A vannus is not a cribrum. A vannus – winnowing fan is not a filtering device, but a separating one through the action of air currents. A van is a broad basket, o oar, into which the corn, or rice, after being trashed, is thrown in the direction of the wind, to let deposit corn and chaff in different places. In archaic times it was also called bird’s wing. In this case, a sense of ”discernment of the good from the evil, the real from the false” may be applied.
Johannes Jansson and Elizeus Weyerstraet published in 1737 ( perhaps their sons) another book with a “vannus” in the title. Precisely “Critica Vannus”, by Jacques Philippe d’ Orville, in which ancient philosophical excerpts were explained, condensed, and syndicated. The book is a classic philosophical dispute in which one refutes or answers refutations. So, at first sight, in this case, a clear concept of vannus as a scrutiny device may be applied. The detail is: by ancient Romans did the idea of “Vannus” suggest a separating concept? Or an air current concept, instead?
This is not a pointless issue, since winnowing fans, besides agriculture, took an important role also in the ancient symbolism of mysteries. Virgilius, in his Georgics, describes many agricultural tools used in mythological symbolism. Among them is the Vannus winnowing fan. In fact, as we will see in a coming article on a Pompeii series of frescoes, the winnowing basket sacred to Dionysus is painted in the central part of a mysteries initiation scene (1). The liturgical name of the object was ” Mystica Vannus”, or the mystical winnowing fan. To be more precise the full title was ” Mystica Vannus Iacchi”, or the mystical winnowing fan belonging to Iacchus, a hieratic form of Bacchus. That’s to say the greek god Dionysus (2), the divinity entrusted ( with Demeter and Persephone) with mortal-immortal secret rites. So, should we give to “Vannus” a “passing through scrutiny” meaning? Or might this just be a modern, and unlearned, conjecture?
Those who have hurried over the Chymica Vannus long title, may not have pointed on ” Obtenta quidem et erecta Auspice Mortale Coepto; Sed Inventa Proauthoribus Immortalibus Adeptis…”, or “At the beginning still obtained and constructed under mortal auspice; but discovered under the patronage of the victorious immortal authors. Through who is concluded, ordained, and proclaimed, may their firm predictions are developed according to the order”.
Doubts could be strengthened when bumping into the phrase word ” Mysteriarcham Mercurium”. As said in the previous page, Mystērĭarchēs means “the one who presides over the mysteries”, in ancient roman times not intended as something that is difficult or impossible to understand or explain, but the one presiding over the secret rites, about life and death, to which only initiates were admitted.
Very interesting is the combination of Medicine and Mercurius in the paronomasia “Medicurius” ( see point 11). Mercurius is both the roman divinity for Hermes or our Secret Fire/Spirit of life. Alchemically speaking, there is no difference between these two. Of course, this humanized god was just an allegory. Chymica Vannus’s author, by a very small margin, intended just the allegory, and not the hidden signification. In fact is expected a particular time of the year ( and not all years) in which, through this presiding Spirit, the rite will be accomplished.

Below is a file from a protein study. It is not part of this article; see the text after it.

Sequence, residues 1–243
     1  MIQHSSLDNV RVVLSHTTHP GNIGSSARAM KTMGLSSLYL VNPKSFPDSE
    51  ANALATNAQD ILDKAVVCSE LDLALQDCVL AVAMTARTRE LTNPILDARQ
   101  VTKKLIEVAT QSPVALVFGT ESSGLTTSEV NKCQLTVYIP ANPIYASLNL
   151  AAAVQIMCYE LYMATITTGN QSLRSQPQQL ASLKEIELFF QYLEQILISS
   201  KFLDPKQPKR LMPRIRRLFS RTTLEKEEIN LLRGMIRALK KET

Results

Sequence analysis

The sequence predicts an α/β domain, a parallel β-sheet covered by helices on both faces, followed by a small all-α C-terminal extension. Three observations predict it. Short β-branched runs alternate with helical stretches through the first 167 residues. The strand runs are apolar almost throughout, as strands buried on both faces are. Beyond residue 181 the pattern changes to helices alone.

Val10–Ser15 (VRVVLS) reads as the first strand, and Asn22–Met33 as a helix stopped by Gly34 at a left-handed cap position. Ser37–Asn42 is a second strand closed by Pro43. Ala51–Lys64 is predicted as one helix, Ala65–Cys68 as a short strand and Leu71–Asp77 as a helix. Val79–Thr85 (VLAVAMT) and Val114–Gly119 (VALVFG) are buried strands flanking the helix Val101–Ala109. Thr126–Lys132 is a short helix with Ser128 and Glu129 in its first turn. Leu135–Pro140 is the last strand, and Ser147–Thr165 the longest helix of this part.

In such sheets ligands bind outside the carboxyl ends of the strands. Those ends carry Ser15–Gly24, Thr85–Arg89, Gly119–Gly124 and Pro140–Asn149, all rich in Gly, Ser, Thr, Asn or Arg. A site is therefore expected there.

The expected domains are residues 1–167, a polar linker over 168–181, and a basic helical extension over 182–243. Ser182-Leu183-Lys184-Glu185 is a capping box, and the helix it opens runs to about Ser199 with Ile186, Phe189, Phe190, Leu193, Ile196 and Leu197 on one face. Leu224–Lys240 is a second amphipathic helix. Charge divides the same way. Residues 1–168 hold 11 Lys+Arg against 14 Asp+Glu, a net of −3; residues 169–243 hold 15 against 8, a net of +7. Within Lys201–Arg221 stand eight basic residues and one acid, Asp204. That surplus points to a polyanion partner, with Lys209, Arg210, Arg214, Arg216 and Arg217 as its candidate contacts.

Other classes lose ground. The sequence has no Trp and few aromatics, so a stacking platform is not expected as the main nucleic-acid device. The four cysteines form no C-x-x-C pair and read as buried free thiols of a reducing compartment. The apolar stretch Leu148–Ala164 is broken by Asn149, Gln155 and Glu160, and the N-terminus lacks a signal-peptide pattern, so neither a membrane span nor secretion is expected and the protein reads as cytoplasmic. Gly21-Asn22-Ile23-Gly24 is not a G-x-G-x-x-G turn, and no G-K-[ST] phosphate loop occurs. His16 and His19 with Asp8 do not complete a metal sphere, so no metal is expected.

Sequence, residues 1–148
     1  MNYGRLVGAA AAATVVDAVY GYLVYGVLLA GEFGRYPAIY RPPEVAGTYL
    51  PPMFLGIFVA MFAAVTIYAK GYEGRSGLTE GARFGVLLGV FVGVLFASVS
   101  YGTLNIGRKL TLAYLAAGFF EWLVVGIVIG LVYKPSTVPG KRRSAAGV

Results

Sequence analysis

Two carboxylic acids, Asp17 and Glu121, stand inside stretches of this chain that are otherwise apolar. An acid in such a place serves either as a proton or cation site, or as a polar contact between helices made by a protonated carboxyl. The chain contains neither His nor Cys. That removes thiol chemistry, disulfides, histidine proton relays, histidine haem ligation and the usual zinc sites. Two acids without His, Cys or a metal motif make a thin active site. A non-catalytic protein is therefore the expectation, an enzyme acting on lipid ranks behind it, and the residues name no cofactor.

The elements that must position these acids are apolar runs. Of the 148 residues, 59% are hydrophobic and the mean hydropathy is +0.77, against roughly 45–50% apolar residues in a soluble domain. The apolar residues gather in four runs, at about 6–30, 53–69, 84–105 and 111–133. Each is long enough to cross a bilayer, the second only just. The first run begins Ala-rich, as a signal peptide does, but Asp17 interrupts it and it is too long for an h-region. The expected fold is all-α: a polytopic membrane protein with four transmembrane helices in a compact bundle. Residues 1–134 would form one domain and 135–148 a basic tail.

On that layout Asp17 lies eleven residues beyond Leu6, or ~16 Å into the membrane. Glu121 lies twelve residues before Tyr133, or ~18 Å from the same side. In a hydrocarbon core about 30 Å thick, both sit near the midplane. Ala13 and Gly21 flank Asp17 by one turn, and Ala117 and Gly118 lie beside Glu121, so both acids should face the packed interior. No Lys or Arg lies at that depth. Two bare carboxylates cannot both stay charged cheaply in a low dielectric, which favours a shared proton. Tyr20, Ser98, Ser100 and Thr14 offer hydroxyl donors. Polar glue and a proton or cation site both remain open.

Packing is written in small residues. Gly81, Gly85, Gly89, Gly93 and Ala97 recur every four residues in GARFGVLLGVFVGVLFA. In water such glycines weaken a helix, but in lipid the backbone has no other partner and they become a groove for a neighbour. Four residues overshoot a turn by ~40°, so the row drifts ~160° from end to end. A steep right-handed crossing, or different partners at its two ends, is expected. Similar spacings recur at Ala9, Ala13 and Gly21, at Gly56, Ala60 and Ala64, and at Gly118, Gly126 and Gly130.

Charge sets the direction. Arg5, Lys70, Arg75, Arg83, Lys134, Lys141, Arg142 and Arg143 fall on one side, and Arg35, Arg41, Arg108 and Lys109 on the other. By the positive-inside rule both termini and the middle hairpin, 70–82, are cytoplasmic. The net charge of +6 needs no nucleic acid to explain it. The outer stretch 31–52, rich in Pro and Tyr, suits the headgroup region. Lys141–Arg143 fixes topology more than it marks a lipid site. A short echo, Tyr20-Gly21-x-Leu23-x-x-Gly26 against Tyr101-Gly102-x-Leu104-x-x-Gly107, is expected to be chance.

Might this particular date be the mentioned one, that’s to say ides of may of a certain year? If not, why repeat the year just a line above the book publishing date? Ides was a fluctuating middle of May (3). Concerning the year don’t be scared by this 1-666. There are no evil numbers here. In Alchemy there are no plans for it. But for something which can be accomplished after the sixth of the sixth. In fact, the alchemical ” Week of the Week”, which incidentally may occur in the middle of May, should last six days and on the seventh, a feast will take place (4).
I forgot to mention that our Mercurius is also a roads, or paths, expert. Chymica Vannus author is keen to further tells us we are not before our healing Mercurius. Probably the path is chosen this time is not that of our common works to achieve our alchemical medicine or the work’s on minerals final result ( see an Opus Magnum scheme), but something really more dangerous and forbidden.
The reasons why the ” StatVta oraCVla sVa eXorDInè InoLesCerent….” line presents strange capitals are out of my comprehension. Anyway, a similar construction was not unusual in epigraphic Latin.
P.S.: Today September 17th I bought the translation by Virginelli. One remark I have to make to the translators is the clear specification of 15th May as ides of May. As I said in my article in footnote 2 ides fall just roughly in the middle of each month: “ in their origin roman people, as most of the ancient people, used a lunar calendar in which a month corresponded to a lunation. They did not count the days from the beginning of the month: 1 2 3 4 etc.., but counted the days until the calendae, idus, or nonae, depending on which of them were closer, as when counting the days until an important event, in the short countdown. The first day of the month was the “calendae” or the first day of the new moon, the ” nonae” was an intermediate between the new moon and the “Idus”, or the full moon, that’s to say nine days to a full moon.”
In fact, this ides of May might represent a date much more interesting than the mere publication of the book. As we will see in the following work.
To be Continued.